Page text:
ASK Nico Sell who makes use of her and Robert Statica’s Wickr secure-communication app and she can honestly say, “We don’t know who our users are.” The free iPhone and iPad app uses well-tested strong-encryption techniques to prevent anyone snooping on text messages, images and video, or voicemail exchanged between its users. Accounts are created on the device and checked with a central registry to prevent duplicate names, but no passwords or other identifying information passes to Wickr’s servers. Only Wickr users may send messages to other Wickr users, and the software can be set to allow communications only from a preset white list.
Ms Sell says that adopters are particularly fond of Wickr’s self-destruct timer, which irretrievably scrambles the transmission after a period, from seconds to days, set by the sender, and which cannot be overridden once transmitted. A sender may delete a message at any time after sending, too, removing it from the recipient’s account.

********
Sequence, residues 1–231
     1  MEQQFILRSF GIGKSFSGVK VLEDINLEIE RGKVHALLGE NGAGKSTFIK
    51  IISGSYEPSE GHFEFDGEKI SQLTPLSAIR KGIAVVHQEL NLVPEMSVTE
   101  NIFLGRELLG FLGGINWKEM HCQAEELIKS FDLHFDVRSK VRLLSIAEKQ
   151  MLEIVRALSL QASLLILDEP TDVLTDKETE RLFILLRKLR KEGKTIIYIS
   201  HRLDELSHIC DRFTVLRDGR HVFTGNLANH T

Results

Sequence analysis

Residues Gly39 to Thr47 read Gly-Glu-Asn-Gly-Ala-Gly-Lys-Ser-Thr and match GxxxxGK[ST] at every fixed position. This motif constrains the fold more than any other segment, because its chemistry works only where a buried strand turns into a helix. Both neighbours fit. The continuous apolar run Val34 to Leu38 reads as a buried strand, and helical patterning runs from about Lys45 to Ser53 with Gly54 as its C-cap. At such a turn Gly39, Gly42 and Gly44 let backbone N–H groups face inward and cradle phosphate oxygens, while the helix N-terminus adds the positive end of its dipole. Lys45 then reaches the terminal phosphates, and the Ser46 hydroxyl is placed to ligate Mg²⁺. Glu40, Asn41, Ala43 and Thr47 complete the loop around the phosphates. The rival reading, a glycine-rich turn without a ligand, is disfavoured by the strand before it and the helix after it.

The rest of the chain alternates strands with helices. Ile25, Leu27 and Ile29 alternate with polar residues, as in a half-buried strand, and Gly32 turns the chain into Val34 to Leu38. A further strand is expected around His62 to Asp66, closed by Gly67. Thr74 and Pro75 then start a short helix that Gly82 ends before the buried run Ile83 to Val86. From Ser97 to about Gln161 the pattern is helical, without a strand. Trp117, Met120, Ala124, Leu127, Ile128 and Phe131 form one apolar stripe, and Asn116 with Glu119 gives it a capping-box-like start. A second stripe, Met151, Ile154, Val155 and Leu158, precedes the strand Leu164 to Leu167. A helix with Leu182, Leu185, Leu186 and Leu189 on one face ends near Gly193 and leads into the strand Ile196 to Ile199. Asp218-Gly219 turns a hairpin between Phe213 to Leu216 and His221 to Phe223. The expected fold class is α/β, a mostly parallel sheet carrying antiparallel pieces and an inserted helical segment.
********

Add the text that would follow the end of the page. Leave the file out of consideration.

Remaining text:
Wickr is part of a growing backlash against the culture of constant sharing and permanent archiving that Facebook, Twitter and other social networks encourage – and often expand without consulting with users. Another app, called Path, limits one’s social circle to no more than 150 people, matching “Dunbar’s number”, as evolutionary anthropologists call the limit to the how many people one can maintain stable social relationships with (which may explain why the Path’s original limit of 50 did not stand the test of time)…
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